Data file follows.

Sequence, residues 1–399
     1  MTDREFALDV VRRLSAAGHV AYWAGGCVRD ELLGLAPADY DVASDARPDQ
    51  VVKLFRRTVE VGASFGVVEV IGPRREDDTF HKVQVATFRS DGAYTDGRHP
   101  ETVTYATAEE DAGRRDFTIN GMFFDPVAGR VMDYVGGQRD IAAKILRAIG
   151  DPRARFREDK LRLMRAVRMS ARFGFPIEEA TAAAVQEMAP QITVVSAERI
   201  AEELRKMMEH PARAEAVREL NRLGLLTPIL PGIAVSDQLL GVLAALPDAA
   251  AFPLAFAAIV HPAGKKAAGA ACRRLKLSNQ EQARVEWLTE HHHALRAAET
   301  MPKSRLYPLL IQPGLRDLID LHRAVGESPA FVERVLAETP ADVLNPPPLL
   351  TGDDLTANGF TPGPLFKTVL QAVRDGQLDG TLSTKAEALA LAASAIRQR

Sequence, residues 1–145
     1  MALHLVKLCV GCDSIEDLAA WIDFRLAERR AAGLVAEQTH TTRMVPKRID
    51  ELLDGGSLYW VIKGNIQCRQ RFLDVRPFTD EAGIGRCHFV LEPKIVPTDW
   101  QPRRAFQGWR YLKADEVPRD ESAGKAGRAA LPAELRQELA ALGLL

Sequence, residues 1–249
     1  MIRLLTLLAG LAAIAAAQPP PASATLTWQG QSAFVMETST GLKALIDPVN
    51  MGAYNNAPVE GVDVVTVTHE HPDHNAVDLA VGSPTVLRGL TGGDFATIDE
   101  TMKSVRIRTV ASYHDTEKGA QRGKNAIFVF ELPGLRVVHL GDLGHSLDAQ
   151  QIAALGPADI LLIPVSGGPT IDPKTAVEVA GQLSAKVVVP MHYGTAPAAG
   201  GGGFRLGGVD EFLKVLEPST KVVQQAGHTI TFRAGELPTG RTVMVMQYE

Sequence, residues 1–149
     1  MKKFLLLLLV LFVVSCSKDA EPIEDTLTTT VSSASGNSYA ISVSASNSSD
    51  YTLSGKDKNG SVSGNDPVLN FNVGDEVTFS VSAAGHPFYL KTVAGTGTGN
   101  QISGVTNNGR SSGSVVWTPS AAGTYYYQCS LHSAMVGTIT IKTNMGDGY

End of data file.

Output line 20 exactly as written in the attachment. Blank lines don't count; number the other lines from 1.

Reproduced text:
Sequence, residues 1–149